The results described in this manuscript establish several important principles. First, it is possible to develop an antibody fragment (the H2-scFv) that specifically recognizes the protein product of an inactivated tumor suppressor gene and does not recognize the WT form in intact cells. The gene product is intracellular—largely located within the nucleus—and the recognition is made possible by the binding of the peptide derived from the mutant protein to a common HLA allele expressed on the cell surface. Second, the antibody is not only specific to the mutant form of the protein but appears not to comparably recognize any other peptide in the human peptidome. Third, a bispecific antibody constructed from H2 (H2-scDb) can activate T cells even when the pHLA complex is expressed at very low, endogenous levels. Fourth, the H2-scDb induces polyfunctional T cell effector responses, including cytotoxic activity and the production of multiple cytokines, which are likely the basis for its antitumor activities in vivo.
There have been no previous crystal structures of a TCRm antibody bound to a mutation-associated neoantigen complexed with HLA, and the structure reported here provides insights into the specificity of the H2-Fab fragment. Cancer-driver mutations often result in single–amino acid substitutions at mutation hotspots. pHLAs derived from such mutations differ from their WT counterparts only by one amino acid; thus, neoantigen-specific TCRm antibodies must be able to discern this subtle but critical difference. The specificity of the H2 antibody fragment was conferred by the extensive interaction of all the heavy chain CDR loops and one light chain CDR loop with the C-terminal residues of the p53R175H peptide, centering on the mutant histidine residue His175. Both the mutant residue His175 and the adjacent residue Arg174 protruding out of the α1-α2 HLA helices increased the available recognition surface compared with other HLA-A*02:01 pHLA complexes, in which only one bulky residue is the central motif for recognition. Lack of recognition of the WT peptide by the H2 antibody fragment is likely due to the arginine residue at position 8 colliding with the “ceiling” of the cage-like structure of H2 (specifically a tyrosine at CDR-H2 amino acid 52) that surrounds the neoantigen mutation His175. The binding of the H2-Fab also showed selectivity at positions 3 to 6, which was conferred through numerous van der Waals interactions with CDRs H3 and L3. Our findings also indicate that TCRm antibodies can bind to the HLA perpendicular to the typically diagonal TCRm orientation, strengthening the notion that there are no exclusive modes of recognition for pHLA by antibodies (40, 46, 47).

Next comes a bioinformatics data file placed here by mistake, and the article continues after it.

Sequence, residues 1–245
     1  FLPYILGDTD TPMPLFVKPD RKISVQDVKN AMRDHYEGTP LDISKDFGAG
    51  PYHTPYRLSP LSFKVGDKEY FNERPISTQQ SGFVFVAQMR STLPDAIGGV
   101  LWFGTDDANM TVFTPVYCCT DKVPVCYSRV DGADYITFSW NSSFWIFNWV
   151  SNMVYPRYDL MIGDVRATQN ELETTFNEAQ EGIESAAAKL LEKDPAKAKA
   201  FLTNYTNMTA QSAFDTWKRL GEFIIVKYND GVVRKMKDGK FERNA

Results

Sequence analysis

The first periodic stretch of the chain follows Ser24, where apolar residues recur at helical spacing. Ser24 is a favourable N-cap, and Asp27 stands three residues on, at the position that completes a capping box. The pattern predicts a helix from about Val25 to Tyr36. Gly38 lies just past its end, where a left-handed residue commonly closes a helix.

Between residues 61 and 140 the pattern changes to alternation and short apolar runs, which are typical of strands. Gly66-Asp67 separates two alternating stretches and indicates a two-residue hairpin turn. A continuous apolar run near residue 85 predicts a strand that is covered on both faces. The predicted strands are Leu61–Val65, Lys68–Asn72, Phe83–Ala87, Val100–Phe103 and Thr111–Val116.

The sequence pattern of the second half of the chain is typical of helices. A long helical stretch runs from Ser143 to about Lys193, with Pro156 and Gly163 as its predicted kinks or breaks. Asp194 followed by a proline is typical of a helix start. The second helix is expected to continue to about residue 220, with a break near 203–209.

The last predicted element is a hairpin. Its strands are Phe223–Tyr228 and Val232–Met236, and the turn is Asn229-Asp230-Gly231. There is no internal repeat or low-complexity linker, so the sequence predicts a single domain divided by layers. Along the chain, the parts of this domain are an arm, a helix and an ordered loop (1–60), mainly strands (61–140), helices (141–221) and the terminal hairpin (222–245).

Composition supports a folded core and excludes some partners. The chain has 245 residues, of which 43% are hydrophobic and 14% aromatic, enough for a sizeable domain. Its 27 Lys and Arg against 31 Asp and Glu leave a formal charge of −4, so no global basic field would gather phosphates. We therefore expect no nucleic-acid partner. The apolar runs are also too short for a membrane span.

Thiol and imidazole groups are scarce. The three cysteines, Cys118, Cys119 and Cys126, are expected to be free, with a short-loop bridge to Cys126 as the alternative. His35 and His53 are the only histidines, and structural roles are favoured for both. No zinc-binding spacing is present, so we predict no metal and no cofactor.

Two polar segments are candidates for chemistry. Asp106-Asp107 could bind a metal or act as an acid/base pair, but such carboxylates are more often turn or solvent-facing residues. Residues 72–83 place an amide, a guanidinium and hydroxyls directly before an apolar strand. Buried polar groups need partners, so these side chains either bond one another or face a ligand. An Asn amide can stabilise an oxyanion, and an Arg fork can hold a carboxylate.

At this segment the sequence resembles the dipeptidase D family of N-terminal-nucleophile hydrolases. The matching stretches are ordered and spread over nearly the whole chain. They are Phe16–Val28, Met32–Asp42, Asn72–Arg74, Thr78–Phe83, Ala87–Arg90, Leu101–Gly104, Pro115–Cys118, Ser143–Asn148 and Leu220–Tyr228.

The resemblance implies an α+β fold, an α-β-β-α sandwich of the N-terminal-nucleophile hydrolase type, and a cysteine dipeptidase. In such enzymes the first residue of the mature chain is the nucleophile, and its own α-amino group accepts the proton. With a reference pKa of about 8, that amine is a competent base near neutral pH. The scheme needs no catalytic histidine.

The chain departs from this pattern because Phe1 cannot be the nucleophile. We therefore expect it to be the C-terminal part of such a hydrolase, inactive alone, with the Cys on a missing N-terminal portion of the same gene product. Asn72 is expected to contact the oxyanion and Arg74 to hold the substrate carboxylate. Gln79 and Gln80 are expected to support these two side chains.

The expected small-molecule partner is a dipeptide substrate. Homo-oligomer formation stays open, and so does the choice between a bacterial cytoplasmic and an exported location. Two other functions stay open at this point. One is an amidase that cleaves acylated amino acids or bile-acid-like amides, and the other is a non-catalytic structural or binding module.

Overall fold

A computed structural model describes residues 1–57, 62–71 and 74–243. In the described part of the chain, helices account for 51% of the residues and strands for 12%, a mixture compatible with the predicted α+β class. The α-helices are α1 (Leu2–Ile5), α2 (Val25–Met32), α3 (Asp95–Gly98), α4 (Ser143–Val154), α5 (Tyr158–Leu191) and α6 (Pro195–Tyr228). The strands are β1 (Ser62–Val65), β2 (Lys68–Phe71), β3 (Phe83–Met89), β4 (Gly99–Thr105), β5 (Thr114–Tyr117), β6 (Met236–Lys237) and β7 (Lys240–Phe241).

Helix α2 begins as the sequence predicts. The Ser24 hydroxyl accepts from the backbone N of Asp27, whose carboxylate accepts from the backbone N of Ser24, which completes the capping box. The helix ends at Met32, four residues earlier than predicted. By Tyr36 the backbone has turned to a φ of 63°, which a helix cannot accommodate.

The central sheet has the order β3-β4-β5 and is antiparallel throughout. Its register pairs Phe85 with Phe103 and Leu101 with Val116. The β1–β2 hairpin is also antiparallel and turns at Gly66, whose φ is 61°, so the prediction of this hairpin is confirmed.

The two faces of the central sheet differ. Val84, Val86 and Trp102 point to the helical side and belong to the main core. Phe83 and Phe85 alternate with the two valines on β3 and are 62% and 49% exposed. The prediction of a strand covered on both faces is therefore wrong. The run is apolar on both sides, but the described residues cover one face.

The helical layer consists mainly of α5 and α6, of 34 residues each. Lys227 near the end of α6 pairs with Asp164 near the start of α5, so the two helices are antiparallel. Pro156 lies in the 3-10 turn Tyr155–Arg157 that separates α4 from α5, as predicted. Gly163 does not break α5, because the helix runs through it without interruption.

Targeting tumor-associated pHLA antigens is often confronted by the challenge of low antigen density (48). Neoantigen pHLAs are present in a few to a few dozen copies per cell based on MS quantification of multiple cancer cell lines (27). On the basis of our MS analysis, H2-scDb appears to recognize cancer cells that present endogenous neoantigens at single-digit quantities, which is comparable with native TCRs and affinity-matured soluble TCR bispecific antibodies (48, 49). Additionally, H2-scDb is able to react to its target antigen at considerably lower densities compared with what was reported for BiTEs, the format used in blinatumomab (50). There are several factors that could account for the reactivity of H2-scDb, including the particular scDb format we used here, intrinsic properties of the antibody and its mode of binding to the pHLA (for example, the cage-like structure stabilizing the interactions with the neoantigen mutation His175), or the particular high-affinity anti-CD3ε scFv chosen after testing several others. In addition, the initial recognition of pHLA by H2-scDb induces T cell IFN-γ release, which might in turn up-regulate pHLA expression of adjacent cells in a feedforward process (51). Regardless, our results suggest that it is possible to effectively target pHLA complexes that are present at very low densities on the cell surface, offering promise for the creation of scDbs that recognize the epitopes of proteins encoded by other mutant driver genes.
Naturally occurring human TCRs have undergone thymic selection that limits their potential to cross-react with normal tissues. For engineered TCRs, cross-reactivity to similar peptides potentially present in the human peptidome is a serious concern because such cross-reactivity has resulted in fatal toxicities (52, 53). Comprehensive prediction of the on-target off-tumor activity of TCR and TCRm has proven to be challenging (52). In this work, we used a previously suggested strategy to screen for potential off-tumor peptide targets by first establishing the recognition motif and then searching the human peptidome for peptides that conform to this motif (44). We thereby identified three homologous peptides, but no binding to H2 was evident when any of these peptides were evaluated with the same techniques used to assess the p53R175H peptide. However, these experiments cannot entirely exclude the possibility of off-tumor reactivity, which can only be addressed through formal toxicity testing in nonhuman primates and eventually in human clinical trials.